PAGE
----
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Teach about the Genocide of Roma

  • Hon. Alcee L. Hastings
    US












House of Representative

110th Congress, Second Session

Madam Speaker, as Chairman of the Commission on Security and Cooperation in Europe, I closely monitor incidents of racism and intolerance in the OSCE region. Today, rise to address the need to foster greater knowledge of the genocide of Roma. I am moved to do so by some recent developments in the Czech Republic.

Too little is known, and too little is understood, about the genocide of Roma during World War II–and that ignorance manifests itself in many ways.

Last year, a tape recording emerged of a local housing committee meeting in the town of Ostrava in the eastern part of the Czech Republic, On this tape recording was the voice of Senator Liana Janackova, who was serving as a local mayor at the time the recording was made. And on this tape recording, Senator Janackova is heard to say: “Unfortunately, I am a racist. I disagree with the integration of Gypsies so that they would live across the area. Unfortunately, we have chosen the Bedriska (colony) and so they will stay there, with a high fence and with electricity.” She was also heard to saythat she had no place to move the Roma and would therefore like to dynamite them away.

News reports say that the Senator has since apologized and called her remarks “silly” and explained that they were not directed against all Roma, just some Roma.

Last week, this case was back in the news because the Czech Senate declined to lift Senator Janackova’s immunity, a necessary step for prosecutors to charge her under the Czech Republic’s laws that make defamation of a nation, ethnic group, race or faith a crime. There has already been considerable criticism of the Czech Senate’s 54 to 13 vote. According to news reports, those who voted against lifting Senator Janackova’s immunity argued that she didn’t make those remarks with a racist intent. Senator Janackova declared herself to be a racist and talked about dynamiting members of the Czech Republic’s most persecuted minority, but they didn’t think she had a racist intent. Frankly, I’m having a little trouble following that logic.

The fact is, this case illustrates one of the many ways in which hate speech laws stray from their original purpose and, often, don’t work the way they were intended.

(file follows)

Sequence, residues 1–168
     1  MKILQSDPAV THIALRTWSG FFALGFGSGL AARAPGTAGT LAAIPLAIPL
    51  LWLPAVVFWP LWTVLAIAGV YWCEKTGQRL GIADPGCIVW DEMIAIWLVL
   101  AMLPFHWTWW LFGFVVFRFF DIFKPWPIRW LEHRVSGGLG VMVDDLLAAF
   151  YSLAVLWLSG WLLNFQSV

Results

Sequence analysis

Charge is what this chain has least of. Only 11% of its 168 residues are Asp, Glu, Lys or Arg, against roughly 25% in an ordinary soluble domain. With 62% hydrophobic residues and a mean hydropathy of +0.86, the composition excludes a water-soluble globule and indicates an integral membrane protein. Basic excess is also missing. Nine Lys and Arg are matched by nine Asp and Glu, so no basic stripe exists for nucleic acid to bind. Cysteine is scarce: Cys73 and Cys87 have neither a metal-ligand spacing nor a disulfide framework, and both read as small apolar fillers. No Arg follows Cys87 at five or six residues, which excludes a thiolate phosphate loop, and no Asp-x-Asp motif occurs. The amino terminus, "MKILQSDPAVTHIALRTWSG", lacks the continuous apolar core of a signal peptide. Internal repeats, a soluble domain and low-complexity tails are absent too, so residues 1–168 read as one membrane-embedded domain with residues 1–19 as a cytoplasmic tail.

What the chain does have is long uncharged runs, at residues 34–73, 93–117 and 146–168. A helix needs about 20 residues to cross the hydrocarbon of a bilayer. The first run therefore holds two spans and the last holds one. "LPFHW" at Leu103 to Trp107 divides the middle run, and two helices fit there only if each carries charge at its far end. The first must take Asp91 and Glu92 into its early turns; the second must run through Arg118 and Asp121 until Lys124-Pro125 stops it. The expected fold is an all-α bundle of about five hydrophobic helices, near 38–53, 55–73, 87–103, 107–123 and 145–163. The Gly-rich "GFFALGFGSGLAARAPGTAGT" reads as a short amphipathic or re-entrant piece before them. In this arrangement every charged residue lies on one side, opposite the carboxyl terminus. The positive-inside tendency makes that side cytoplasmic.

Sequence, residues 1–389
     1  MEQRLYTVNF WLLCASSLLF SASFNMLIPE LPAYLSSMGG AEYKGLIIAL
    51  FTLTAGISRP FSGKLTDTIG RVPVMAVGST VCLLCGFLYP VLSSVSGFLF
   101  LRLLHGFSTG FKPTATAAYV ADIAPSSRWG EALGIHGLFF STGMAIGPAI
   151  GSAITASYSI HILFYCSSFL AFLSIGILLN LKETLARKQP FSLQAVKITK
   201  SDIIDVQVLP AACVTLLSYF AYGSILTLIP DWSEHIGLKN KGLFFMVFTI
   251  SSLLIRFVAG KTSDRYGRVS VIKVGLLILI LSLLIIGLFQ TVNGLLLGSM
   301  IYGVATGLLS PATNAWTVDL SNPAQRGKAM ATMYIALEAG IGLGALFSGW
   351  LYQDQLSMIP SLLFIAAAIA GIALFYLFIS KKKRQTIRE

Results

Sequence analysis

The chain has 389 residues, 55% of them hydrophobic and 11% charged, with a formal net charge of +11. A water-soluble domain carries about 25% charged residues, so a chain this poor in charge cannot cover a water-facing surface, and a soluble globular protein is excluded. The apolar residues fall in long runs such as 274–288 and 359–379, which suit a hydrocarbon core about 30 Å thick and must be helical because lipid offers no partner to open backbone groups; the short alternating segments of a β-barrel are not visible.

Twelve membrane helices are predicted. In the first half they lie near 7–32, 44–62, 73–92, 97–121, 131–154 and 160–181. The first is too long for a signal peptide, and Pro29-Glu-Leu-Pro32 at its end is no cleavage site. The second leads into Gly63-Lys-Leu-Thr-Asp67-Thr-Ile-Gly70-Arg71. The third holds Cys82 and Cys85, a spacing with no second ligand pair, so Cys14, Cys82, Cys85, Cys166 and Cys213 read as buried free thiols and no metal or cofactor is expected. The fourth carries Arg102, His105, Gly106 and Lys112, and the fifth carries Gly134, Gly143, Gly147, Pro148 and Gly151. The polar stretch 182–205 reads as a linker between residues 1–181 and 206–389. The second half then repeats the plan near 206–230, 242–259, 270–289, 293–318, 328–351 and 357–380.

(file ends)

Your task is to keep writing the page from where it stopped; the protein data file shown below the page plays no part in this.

Now, I am not an advocate of hate speech laws as a means to address racism and intolerance. It is perhaps worth recalling that just a few years ago in the Czech Republic, a Romani woman cursed the wall that had been built in Usti nad Labem to separate Roma from non-Roma. In an extraordinary miscarriage of justice, she was convicted of hate speech for doing so. If not pardoned by Vaclav Havel, she would’ve gone to prison. And Romani activist Ondrej Gina was threatened with hate speech charges for saying his town was racist.

From where I stand, there are just too many cases where people are charged under hate speech laws not because they have fomented racial hatred, but because they have offended the national or local government’s political sensitivities.

So I am not here to make the case for prosecuting people for the content of their speech, or to argue that Senator Janackova should go to jail for what she said. Instead, I rise today to recommend that Senator Janackova visit the Romani camp at Auschwitz.

During World War II, Roma were targeted for death by the Nazis based on their ethnicity. At least 23,000 Roma were brought to Auschwitz– including many from the concentrations camps at Lety and Hodonin. Almost all of them perished in the gas chambers or from starvation, exhaustion, or disease. Some Roma also died at the hands of sadistic SS doctors, like Joseph Mengele. In fact, a young Czech woman, Dina Babbitt-Gottlieb, also interned at Auschwitz, was forced to paint portraits of Roma for Mengele, who particularly liked to conduct gruesome medical experiments on Roma.

On the night of August 2nd and 3rd, 1944, the order was given to liquidate the Romani camp at Auschwitz. In a single evening, 2,897 Romani men, women and children were killed in gas chambers. In the end, almost the entire Romani population of the Czech lands was exterminated during the Nazi occupation.

I don’t know Senator Janackova. But I’d bet she has not been to the Romani camp at Auschwitz. Maybe she has not even been to the Museum of Roma Culture in Brno. Maybe she could view the collection of photographs of Czech Romani Holocaust victims that have been displayed in Prague. Maybe she could even help secure the resources to remove the pig farm from the site of the Lety concentration camp, as called for by many Romani activists and some government officials.

So I’m not calling for Senator Janackova go to jail. But I would like it if she could visit the Romani camp at Auschwitz. I think she would learn a lot there–she might even learn that words can have real 
consequences.

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